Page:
BY PNW STAFF
This is not the first time something like this has happened. A national tragedy occurs, and Christians get scapegoated.
The ancient pagans of Rome, as their society fell apart, blamed Christians. Remember Nero blaming the Christians for the burning of Rome?
Several media organizations are now focusing on how several large megachurches around the country continue to meet, especially in New Orleans where the virus is now considered a "hot spot".
With President Donald Trump announcing on Sunday that his administration was extending the social distancing guidelines for the entire month of April watch for the focus on churches to continue to get increased scrutiny in the press.
New York City (another hot spot) Mayor Bill de Blasio has already warned pastors to shut down their houses of worship - or else. The mayor said the police department, fire department and building inspectors "will force congregations to disperse if they are found holding worship services this week.
Any congregation that refuses to comply with the mayor's order, could face fines or have their buildings permanently closed.
Such orders are reinforcing the public consciousness that Christians are in part to blame for the rapid spread by refusing to stop meeting at church.
The death toll is expected to continue to rise greatly this week in New York, New Orleans and other major metro areas (with the peak death toll still not expected to take place for another two weeks) .
As emotions begin to run high, don't be surprised if other localities begin to issue such orders as NY has done in regards to church closures, which in turn will spread the mindset that if you need someone to blame other than the politicians, those Bible believing Christians are next in line.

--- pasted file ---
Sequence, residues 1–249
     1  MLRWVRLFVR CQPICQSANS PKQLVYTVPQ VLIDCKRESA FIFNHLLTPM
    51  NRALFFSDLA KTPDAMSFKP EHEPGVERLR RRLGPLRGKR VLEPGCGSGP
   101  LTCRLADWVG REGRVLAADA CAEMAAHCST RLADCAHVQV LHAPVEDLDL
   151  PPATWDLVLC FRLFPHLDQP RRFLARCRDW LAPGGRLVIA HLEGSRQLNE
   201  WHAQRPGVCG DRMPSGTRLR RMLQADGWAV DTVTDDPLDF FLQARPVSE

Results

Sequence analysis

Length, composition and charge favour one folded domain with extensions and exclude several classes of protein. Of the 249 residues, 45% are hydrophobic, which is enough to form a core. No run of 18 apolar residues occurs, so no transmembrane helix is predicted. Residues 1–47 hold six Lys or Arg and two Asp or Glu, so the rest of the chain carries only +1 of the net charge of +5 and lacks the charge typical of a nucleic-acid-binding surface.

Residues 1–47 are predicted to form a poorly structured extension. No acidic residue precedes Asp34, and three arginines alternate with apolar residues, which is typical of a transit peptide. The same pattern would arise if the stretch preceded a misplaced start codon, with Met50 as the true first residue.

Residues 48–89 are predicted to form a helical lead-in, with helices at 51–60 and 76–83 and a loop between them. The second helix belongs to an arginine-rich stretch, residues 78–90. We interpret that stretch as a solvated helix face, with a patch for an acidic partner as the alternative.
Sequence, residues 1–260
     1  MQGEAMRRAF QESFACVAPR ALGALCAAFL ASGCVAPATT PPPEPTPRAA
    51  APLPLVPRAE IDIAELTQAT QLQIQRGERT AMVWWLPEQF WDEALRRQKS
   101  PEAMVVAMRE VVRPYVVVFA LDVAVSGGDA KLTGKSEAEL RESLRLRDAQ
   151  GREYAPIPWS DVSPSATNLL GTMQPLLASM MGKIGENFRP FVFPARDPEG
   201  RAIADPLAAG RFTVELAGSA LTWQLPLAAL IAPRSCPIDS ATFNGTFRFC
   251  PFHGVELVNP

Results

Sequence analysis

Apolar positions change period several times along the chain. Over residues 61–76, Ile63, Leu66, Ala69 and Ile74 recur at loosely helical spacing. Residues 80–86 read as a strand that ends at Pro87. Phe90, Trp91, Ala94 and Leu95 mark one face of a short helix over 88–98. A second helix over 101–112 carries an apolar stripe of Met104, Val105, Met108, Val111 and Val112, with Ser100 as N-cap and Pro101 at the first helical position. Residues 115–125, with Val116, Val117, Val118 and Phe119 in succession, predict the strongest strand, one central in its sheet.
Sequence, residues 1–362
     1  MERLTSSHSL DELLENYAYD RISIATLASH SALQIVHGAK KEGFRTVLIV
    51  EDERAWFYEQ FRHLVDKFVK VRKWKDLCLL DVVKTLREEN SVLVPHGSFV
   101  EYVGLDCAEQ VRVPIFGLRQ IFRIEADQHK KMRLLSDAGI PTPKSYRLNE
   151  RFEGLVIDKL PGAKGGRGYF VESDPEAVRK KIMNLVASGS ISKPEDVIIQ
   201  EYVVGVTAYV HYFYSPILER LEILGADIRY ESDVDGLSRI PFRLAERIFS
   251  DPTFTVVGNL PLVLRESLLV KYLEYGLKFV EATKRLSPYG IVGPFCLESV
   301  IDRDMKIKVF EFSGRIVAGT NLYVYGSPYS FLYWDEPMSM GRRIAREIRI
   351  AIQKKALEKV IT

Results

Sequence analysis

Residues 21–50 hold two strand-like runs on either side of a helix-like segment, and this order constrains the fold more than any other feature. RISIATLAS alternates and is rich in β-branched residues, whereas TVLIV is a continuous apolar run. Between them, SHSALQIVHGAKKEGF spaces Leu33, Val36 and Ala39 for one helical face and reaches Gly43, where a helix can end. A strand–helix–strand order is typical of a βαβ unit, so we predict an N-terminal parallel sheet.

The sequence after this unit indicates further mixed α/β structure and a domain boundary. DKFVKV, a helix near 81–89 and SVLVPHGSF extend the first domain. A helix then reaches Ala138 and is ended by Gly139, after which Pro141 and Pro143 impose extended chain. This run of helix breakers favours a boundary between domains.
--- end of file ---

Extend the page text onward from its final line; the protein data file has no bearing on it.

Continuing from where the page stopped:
The New York times ran a disturbing piece last week with the title:
'The Road to Coronavirus Hell Was Paved by Evangelicals'
Subtitled,"Trump's response to the pandemic has been haunted by the science denialism of his ultraconservative religious allies."
According to Katherine Stewart, the author of the article, "Donald Trump rose to power with the determined assistance of a movement that denies science, bashes government and prioritized loyalty over professional expertise. In the current crisis, we are all reaping what that movement has sown."
Other articles in the media have already sowed the seeds of such divisiveness when the White House previously released a picture of the vice president praying with the coronavirus task force in his West Wing office.
After the taskforce prayer photo began circulating on social media, it didn't take long for some on the political left to mock the prayer or take offense to it.
Hemant Mehta, who writes for Patheos.com's "Friendly Atheist" blog, wrote that "it's not a joke when people say these Republicans are trying to stop a virus with prayer."
"What else did anyone expect?" Mehta asked. "Science? Reason? Something sensible? Of course not. If this virus truly becomes a pandemic, we're at the mercy of people delusional enough to think their pleas to God will fix the problem. The same God who presumably created the virus, at least in their minds, will somehow make sure it hurts only a handful of Americans ... and a ton of Chinese people."
Dr. Angela Rassmussen, a virologist at Columbia University, also criticized the prayer.
"I have yet to attend a scientific meeting that begins in prayer," she wrote.
Thomas Chatterton Williams, a writer with the New York Times Magazine, shared the photo on Twitter and commented that "we are so screwed."
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